Yes, those are tools that can help you glean some information about your classroom. Similar to how standardized academic assessments only provide a glimpse into one moment in time, the results of socio-emotional surveys are even more ephemeral, subject to quite possibly even more change than the results of academic assessments. Trust me, I’ve tried to measure social and emotional competencies quantitatively, especially through my work in personalized learning, but I found time and time again that I was doing this in vain.
This quantify-everything mindset is dangerous. If we try to measure social-emotional learning quantitatively, it makes us believe that these competencies are boxes to be checked off on a report card, when in reality, social-emotional learning embodies a significant shift in the culture of a classroom. Measuring SEL quantitatively tempts us into believing that a simple 30-minute morning meeting each day will teach these skills, when in reality, most of the practices that promote emotionally aware, socially competent children come from the cultural principles used to engineer a learning environment. And what matters most is that the adults in the classroom embody these principles every day.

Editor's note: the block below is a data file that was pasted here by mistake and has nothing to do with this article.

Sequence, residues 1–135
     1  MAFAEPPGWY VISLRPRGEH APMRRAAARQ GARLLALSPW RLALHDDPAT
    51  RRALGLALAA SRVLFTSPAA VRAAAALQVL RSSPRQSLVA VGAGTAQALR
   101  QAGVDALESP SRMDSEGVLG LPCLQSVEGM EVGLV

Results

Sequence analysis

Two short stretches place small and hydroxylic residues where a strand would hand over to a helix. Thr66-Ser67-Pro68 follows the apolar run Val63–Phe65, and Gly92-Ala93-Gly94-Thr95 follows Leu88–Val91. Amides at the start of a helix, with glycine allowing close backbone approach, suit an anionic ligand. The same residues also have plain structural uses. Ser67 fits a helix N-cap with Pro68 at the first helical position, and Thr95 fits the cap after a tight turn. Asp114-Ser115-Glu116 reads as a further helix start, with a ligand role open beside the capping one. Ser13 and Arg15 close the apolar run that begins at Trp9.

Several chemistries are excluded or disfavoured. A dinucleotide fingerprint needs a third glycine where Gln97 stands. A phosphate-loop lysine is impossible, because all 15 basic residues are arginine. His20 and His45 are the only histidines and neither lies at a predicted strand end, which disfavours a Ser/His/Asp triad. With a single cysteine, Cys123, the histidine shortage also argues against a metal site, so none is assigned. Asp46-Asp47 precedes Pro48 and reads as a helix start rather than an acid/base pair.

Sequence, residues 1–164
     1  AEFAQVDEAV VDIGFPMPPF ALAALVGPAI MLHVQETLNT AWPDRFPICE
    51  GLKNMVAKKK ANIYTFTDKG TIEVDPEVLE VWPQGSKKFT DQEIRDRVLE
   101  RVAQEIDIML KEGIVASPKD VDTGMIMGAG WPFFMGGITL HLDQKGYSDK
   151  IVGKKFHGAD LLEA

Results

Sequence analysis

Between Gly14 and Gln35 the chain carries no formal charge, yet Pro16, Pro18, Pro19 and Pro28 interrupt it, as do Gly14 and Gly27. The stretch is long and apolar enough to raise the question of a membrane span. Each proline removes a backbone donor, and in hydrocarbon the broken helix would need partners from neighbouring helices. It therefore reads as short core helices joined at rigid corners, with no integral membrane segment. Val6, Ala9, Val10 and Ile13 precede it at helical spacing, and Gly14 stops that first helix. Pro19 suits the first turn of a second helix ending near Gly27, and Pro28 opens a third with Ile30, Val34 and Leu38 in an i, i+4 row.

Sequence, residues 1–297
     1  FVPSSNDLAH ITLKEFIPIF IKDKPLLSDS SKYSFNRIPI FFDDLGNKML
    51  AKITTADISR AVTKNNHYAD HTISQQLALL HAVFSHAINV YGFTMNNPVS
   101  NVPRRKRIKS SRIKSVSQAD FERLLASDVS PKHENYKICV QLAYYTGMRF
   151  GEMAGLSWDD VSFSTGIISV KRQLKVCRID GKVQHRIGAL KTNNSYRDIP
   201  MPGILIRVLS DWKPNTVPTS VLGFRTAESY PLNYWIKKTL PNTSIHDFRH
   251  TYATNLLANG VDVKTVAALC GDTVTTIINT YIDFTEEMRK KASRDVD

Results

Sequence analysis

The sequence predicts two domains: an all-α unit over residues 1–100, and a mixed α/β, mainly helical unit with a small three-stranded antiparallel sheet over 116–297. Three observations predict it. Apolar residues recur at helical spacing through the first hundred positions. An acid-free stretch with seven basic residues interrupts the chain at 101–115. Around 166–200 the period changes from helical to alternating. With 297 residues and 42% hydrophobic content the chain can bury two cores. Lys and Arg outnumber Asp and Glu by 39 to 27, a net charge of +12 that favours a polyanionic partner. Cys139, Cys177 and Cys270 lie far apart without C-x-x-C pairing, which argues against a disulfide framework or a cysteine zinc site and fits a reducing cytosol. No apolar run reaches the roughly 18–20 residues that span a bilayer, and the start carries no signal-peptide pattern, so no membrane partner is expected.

What Matters Most for Social-Emotional Learning
Social and emotional learning begins with the adults in the classroom. We can talk about treating others kindly and regulating our emotions until we’re blue in the face, but every time the children see us make a social mistake or an emotional misstep, we reinforce archaic norms around social and emotional competencies that are toxic in schools.
Don’t worry. That’s not to say you have to be perfect. You’re allowed to screw up, as all of us do. What’s magical is that these are moments for learning, too. Over my eight years of teaching, I find that my social and emotional mistakes are just as powerful teaching moments as my successes. These social and emotional mistakes we teachers make–whether it’s an impatient tone or a short response to our kids–allow us opportunities to model what it looks like when we must make amends for a social mistake. They grant us the opportunity to show what it looks like when someone says “I’m sorry” and really means it.
When we do this, we model the true spirit of social and emotional learning. We normalize it by showing our kids that it’s a universal process that doesn’t discriminate by age. In fact, it ebbs, flows, and grows as we age, manifesting itself in different situations and settings.
But the kids won’t learn this if they can’t see it in action. It’s scary, I know, to make yourself vulnerable like that in front of a group of young children. But I promise it pays off in the long run.